Access the OA edition here.

Author Bio

A. Elisabeth Reichel is an assistant professor of American studies (Akademische Rätin) at Osnabrück University.


"This book greatly expands the literary canons of the early 20th century by extensively excavating previously unpublished archival and unexamined published material. Steeping the text in sophisticated theory and detailed history, Reichel demonstrates how these anthropologists' science challenged social Darwinian theories of evolution."—L. D. Baker, Choice

"So many of our visions of ourselves, and our images of what constitutes culture, alight on the written. Writing Anthropologists, Sounding Primitives interrupts this narrative with a thoughtful intervention."—James Dowthwaite, American Literary History

"Reichel has made a signal contribution both to the history of anthropology and to anthropology today."—Richard Handler, Anthropological Quarterly

“The only scholarly work with access to the complete archive, Writing Anthropologists, Sounding Primitives offers the first sustained literary study of the published and unpublished poetry written by three of the iconic figures of twentieth-century cultural anthropology. A. Elisabeth Reichel’s nuanced readings of individual poems and her persuasive explanation of their transdisciplinary relevance are certain to promote further scholarly engagement with the remarkably variegated array of creative projects that these anthropologists produced.”—Donald E. Pease, author of The New American Exceptionalism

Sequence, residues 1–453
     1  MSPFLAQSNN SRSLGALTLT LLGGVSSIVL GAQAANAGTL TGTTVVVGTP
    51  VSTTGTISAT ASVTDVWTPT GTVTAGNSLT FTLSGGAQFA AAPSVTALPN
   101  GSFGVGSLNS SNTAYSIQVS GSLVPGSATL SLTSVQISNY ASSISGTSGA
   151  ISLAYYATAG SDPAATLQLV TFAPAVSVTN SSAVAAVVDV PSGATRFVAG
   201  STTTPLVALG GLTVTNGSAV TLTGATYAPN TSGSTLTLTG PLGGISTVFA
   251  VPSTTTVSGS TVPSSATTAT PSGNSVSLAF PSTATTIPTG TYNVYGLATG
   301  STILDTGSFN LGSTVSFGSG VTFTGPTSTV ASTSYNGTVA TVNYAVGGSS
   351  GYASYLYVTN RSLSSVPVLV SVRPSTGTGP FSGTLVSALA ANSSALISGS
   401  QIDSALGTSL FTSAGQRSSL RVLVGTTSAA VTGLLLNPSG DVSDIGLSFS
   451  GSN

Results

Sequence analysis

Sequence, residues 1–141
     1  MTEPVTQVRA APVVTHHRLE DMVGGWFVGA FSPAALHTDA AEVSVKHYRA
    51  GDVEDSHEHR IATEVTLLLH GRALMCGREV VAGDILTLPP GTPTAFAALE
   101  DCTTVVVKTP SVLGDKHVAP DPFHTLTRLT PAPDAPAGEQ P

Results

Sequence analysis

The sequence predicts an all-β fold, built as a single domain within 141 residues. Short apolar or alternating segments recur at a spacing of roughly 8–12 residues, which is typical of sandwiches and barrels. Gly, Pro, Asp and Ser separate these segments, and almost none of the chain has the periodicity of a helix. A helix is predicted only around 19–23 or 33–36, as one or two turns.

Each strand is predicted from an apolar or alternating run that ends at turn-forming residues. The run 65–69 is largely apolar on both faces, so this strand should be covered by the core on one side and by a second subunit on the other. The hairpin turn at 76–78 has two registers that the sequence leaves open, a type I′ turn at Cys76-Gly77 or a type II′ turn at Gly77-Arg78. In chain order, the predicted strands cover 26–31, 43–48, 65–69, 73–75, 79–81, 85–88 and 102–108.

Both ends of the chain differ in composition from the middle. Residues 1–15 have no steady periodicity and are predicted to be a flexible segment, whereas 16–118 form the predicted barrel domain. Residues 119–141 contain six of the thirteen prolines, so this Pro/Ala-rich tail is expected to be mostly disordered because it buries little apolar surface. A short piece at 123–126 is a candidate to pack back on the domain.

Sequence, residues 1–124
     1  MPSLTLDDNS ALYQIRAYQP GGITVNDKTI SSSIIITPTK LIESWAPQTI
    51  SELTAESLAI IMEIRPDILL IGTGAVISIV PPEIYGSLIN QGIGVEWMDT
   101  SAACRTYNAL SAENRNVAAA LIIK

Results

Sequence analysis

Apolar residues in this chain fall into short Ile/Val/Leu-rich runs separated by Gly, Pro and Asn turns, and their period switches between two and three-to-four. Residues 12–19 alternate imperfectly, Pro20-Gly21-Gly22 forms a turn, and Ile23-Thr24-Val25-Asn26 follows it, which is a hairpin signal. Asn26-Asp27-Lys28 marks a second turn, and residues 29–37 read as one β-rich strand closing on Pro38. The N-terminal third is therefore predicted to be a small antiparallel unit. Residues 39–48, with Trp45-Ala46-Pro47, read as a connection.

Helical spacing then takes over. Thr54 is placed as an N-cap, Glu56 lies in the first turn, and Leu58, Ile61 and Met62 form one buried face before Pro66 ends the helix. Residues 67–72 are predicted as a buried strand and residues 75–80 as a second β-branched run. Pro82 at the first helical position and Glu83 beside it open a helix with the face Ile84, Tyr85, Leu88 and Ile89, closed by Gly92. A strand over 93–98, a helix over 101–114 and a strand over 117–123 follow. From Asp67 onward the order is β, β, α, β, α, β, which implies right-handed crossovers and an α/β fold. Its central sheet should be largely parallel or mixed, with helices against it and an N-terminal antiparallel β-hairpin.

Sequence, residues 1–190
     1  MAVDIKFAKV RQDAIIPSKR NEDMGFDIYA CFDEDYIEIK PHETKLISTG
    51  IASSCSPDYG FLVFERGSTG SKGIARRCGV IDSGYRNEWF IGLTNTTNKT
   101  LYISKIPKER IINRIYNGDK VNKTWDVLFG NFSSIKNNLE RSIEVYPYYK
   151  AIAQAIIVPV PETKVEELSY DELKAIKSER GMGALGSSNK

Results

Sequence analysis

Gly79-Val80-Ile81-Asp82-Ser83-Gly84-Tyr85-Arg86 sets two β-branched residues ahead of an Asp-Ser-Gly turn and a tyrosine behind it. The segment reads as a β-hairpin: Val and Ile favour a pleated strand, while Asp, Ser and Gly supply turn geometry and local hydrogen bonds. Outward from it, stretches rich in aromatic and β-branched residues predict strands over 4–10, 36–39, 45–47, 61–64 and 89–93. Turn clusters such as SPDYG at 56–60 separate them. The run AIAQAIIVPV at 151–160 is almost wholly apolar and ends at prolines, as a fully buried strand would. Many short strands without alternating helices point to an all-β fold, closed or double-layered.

Writing Anthropologists, Sounding Primitives is the definitive study of the often-noted but rarely examined poetry of three important and complexly interrelated Boasian anthropologists. In this innovative analysis, A. Elisabeth Reichel focuses on the broader perspectives of inter-media relations and anthropological notions of Primitivism.”—Ira Jacknis, research anthropologist at the Phoebe A. Hearst Museum of Anthropology at the University of California, Berkeley